Guided by a naïve theories perspective on the development of thinking about disease, this study of 188 children aged 6 to 18 examined knowledge of HIV/AIDS causality and prevention using parallel

References

SHOWING 1-10 OF 42 REFERENCES

Age differences in understanding of disease causality: AIDS, colds, and cancer.

It is suggested that health educators must both understand students' current knowledge structures and explicitly teach students to make important differentiations between risk and non-risk factors for a given disease and between distinct diseases.

Chinese children’s explanations for illness

The study explored how Chinese children spontaneously explained the causes of illness. Two groups of 3-, 4-, and 5-year-old children from different socioeconomic status (SES) backgrounds were

What Do Minority Elementary Students Understand about the Causes of Acquired Immunodeficiency Syndrome, Colds, and Obesity?

Within each grade, the finding of lower causality scores for AIDS, as compared to colds and obesity, points out the need for developmentally appropriate explanations to children about the causes of AIDS.

Children's knowledge of contagion and contamination as causes of illness.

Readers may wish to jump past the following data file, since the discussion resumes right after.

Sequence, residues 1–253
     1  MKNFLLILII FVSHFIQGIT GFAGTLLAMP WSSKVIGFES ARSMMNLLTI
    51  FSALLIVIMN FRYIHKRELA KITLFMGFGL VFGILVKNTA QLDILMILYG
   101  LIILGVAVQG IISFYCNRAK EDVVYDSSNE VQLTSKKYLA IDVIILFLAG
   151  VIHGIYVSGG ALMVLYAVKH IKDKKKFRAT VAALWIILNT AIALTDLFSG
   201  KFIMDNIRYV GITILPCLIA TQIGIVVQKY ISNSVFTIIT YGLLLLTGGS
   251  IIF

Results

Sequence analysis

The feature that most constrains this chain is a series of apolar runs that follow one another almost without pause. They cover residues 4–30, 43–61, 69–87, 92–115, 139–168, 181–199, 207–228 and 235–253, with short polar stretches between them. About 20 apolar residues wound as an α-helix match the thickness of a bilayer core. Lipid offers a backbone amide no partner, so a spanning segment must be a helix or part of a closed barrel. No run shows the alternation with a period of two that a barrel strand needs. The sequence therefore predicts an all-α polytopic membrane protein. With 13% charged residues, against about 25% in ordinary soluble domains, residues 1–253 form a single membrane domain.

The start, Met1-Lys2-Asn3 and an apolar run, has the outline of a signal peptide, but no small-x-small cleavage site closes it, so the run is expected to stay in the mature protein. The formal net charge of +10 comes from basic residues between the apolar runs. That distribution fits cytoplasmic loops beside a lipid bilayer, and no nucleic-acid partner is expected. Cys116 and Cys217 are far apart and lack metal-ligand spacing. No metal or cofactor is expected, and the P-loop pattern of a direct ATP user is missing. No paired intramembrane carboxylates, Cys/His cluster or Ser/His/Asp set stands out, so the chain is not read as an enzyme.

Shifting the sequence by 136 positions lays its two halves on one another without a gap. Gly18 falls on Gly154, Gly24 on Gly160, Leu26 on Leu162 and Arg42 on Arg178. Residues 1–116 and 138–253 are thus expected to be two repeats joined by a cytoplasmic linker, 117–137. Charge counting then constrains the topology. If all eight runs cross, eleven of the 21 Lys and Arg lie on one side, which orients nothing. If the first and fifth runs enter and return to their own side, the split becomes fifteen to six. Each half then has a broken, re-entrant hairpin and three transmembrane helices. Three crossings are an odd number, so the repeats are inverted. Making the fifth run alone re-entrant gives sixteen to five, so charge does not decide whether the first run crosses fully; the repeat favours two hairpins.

Children's knowledge of contagion and contamination as causes of illness was examined in 3 experiments. In Experiment 1, preschoolers and children in grades 1 and 3 were shown videotaped segments of

Parents' Beliefs and Practices Regarding Childhood Fever: A Study of a Multiethnic and Socioeconomically Diverse Sample of Parents

Parents' beliefs and practices regarding childhood fever vary by race, ethnicity, sociodemographics, and the child's insurance coverage, and educating parents about fever, improving access to health insurance and primary care, and ensuring that families have thermometers may enhance appropriate use of health services and improve outcomes for febrile children.

Folkbiology meets microbiology: A study of conceptual and behavioral change

Understanding of acquired immunodeficiency syndrome by elementary school children--a developmental survey.

Children'sUnderstanding of causality, treatment, and prevention of AIDS, as measured by the ASK, follows the same developmental sequence reported for children's understanding of general physical illness.

There's a demon in your belly: children's understanding of illness.

Knowledge of how children come to understand the processes of causation, prevention, and treatment of illness is needed to help health professionals and educators in their work with children. Healthy

Children's and adults' understanding of illness: evidence in support of a coexistence model.

  • L. RamanG. Winer
  • Psychology
    Genetic, social, and general psychology monographs
  • 2002
It was found that, under certain conditions,Children appeared to have sophisticated beliefs; under other conditions, children, and even adults, showed signs of folkloric and immanent justice reasoning.

A re-examination of children's conceptions of contagion

Abstract It has often been proposed that children under the age of six years do not readily understand the nature of contagion. They may believe that even ailments such as toothaches are transmitted